Of course he cares. He’s not just a man anymore, he’s a marketing ploy.

    Nike cares, LeBron cares.

    Dunk puppet dunk.

    Reply

  23. The analysis is insightful and inciting. A mogul shoe company using the celebrity’s recent pitfalls to elicit an emotional response for the sake of said shoe’s consumption. Nike’s ad team has to be the greatest team assembled. If you look at the last 20 years of Nike commercials, they kill it, softly but deadly, they kill it. This post could not have been more spot on with the between the lines. My question is: Where do you stand?

    Reply

  24. [...] it. We wanted to start with a cool branding link, yesterday’s Internet sensation, to have you check out the new Nike-LeBron James ad with special analysis from No Pun Intended, to show how hip we are and to make a wise comment about sales and branding. Unfortunately, right [...]

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  25. Thanks for the insights.

    Reply

  26. Posted by doc on October 27, 2010 at 4:19 PM

    One thing that came across to me is that the commercial is a shameless ploy to project a certain image that in no way reflects the real LeBron. The real LeBron bites his nails on the bench. The real LeBron has no sense of loyalty. The real LeBron is not a student of academia or the game of basketball. The real LeBron is narcissistic, self-doubting, and egocentric enough to announce his decision on “The Decision”. The real LeBron has no sense of history, that’s why folks like Jordan and Barkley are upset. The real LeBron is as contrite as the real Tiger Woods (hint – not much). Only when called to task does the real LeBron question his motives. I have seen a lot of great basketball players over time and the greatest were modest, intelligent, and team-oriented. The real LeBron has not yet shown those attributes. Ironically, he will now be forced to show those qualities with players who are close to his equal. Now, we will see if the real LeBron can “just do it” for his team rather than for his own self- aggrandizement. Good job, John for questioning his motives.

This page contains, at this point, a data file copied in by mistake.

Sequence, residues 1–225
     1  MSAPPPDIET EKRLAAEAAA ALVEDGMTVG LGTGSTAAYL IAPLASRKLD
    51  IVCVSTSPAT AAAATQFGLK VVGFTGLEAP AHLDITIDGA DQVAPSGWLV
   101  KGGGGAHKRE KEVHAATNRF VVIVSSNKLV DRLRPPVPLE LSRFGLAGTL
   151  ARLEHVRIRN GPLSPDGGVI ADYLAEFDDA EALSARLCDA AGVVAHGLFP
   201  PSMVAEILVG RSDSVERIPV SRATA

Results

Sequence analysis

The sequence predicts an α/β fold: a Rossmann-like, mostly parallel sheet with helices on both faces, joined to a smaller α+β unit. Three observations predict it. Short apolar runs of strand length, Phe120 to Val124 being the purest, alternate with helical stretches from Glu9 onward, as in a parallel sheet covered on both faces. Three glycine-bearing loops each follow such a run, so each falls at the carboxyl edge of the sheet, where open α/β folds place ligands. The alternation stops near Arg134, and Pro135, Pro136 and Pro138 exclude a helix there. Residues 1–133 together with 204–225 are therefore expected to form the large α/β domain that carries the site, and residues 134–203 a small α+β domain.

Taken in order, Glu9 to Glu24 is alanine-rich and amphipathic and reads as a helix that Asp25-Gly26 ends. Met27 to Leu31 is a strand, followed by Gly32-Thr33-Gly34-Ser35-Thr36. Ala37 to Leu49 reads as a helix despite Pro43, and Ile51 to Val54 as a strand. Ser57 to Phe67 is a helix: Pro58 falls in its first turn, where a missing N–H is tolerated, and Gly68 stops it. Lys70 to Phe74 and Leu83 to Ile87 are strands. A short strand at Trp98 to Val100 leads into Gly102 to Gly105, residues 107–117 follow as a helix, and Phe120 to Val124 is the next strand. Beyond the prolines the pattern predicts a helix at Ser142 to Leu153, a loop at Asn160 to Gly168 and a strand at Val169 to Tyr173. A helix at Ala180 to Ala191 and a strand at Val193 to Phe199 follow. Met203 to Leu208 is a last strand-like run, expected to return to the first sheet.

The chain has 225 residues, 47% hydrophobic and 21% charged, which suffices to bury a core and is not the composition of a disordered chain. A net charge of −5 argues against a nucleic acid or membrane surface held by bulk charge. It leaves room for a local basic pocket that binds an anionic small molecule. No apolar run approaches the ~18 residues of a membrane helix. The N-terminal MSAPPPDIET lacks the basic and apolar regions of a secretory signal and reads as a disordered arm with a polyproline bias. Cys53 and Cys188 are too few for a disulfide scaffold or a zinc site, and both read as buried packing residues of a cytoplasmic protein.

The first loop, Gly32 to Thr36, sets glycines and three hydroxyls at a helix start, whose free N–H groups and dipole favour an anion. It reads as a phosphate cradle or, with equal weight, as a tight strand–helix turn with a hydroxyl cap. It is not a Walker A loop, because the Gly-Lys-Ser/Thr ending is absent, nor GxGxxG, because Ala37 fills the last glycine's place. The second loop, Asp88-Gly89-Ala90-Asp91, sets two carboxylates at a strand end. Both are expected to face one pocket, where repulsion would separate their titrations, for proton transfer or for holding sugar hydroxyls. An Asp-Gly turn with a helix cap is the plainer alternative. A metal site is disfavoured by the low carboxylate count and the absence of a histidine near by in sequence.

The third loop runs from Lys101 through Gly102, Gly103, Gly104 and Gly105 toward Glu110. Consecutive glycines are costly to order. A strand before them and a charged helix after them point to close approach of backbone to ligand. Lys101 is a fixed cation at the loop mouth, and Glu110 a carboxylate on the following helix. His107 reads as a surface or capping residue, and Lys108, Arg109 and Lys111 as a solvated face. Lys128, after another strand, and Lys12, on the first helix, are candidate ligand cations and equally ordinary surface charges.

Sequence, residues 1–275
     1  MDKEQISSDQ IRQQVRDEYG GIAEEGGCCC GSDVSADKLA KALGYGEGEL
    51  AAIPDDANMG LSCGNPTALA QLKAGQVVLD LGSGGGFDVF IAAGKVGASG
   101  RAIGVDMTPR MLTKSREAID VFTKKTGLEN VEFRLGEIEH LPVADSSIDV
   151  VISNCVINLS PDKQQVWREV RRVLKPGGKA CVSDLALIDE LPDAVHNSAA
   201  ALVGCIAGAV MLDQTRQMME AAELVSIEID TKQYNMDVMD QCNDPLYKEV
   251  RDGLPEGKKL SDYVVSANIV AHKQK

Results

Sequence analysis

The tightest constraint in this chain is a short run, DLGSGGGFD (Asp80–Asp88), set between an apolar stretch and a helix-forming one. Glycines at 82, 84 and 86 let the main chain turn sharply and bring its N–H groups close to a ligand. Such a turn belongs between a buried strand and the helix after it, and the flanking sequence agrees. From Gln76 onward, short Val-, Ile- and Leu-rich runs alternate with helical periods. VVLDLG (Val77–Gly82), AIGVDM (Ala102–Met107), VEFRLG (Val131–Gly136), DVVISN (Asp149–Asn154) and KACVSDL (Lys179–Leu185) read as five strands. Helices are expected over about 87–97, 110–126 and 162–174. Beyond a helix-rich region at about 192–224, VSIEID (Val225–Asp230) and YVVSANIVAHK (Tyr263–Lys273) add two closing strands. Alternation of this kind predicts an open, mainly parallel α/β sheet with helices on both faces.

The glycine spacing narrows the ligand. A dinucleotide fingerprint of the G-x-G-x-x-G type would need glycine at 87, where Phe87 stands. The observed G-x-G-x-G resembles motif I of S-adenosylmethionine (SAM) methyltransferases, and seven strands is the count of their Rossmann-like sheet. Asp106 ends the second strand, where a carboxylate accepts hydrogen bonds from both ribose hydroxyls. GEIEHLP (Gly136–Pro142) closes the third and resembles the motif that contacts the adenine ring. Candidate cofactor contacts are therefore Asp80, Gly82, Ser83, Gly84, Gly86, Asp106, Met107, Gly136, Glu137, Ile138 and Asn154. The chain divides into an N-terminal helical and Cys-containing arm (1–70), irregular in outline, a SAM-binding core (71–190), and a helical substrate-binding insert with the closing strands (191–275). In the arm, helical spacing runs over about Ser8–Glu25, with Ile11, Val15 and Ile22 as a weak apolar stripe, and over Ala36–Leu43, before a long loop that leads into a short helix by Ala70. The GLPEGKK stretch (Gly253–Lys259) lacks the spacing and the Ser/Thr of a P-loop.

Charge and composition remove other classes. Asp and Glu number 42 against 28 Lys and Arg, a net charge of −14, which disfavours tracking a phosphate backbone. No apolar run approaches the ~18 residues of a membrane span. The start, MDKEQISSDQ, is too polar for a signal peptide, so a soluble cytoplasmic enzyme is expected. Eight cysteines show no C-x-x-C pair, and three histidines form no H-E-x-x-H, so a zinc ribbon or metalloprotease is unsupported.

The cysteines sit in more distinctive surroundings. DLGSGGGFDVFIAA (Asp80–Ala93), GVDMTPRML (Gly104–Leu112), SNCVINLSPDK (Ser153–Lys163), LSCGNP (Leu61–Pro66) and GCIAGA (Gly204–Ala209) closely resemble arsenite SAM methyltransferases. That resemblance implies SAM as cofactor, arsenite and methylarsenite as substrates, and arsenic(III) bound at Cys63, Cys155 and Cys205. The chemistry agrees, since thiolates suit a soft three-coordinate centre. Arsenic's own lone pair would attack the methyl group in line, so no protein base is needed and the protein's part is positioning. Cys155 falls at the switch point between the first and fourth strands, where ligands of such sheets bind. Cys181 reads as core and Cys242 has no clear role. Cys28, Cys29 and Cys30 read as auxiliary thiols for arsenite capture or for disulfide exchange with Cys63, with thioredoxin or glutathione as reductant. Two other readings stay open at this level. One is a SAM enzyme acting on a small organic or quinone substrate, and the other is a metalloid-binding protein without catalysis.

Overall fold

Reply

  27. [...] Yesterday, when LeBron James tweeted his new Nike commercial, called “Rise,” it got more positive feedback than anything James has done since winning second MVP. People on Twitter loved it (if you didn’t know this, LeBron himself took the liberty of retweeting practically every good thing said about the ad), Tony Kornheiser and Michael Wilbon both called it “brilliant” on Pardon the Interruptio … Read More [...]

    Reply

  28. Posted by doc on November 1, 2010 at 12:09 PM

    Looks like the real LeBron peeked out of his ego for a second and now says he regrets his decision regarding “The Decision”.

    http://nba.fanhouse.com/2010/10/31/lebron-james-says-he-would-change-the-decision/?icid=main|main|dl9|sec3_lnk3|181498

    Reply

  29. Man, I thought this commercial wasn’t all that great. I think what Lebron should do is not give up on the Cavs during the playoffs. It was like a double rip your heart out experience from people in Cleveland. I don’t like Lebron or the Cavs, so it doesn’t bother me all that much. Did you see the southpark spoof they did on it? Hilarious! check out our blog sometime http://doin-work.com

    Reply

  30. [...] Speaking of those Heat, remember The Decision? We sure do, as it was a popular topic of conversation for us last summer. Tim started it out by defending The Decision (although he’d like to point out the significant caveat within that piece that reads “so long as he doesn’t curiously choose Miami”). John S defended The Decision even after it took place while Tim expressed disappointment in LeBron’s view of championships. John wondered why everyone claimed James was being selfish and then told some of his most well-known critics to shut their mouths. Finally, he took on the infamous Nike commerical, “Rise.” [...]

    Reply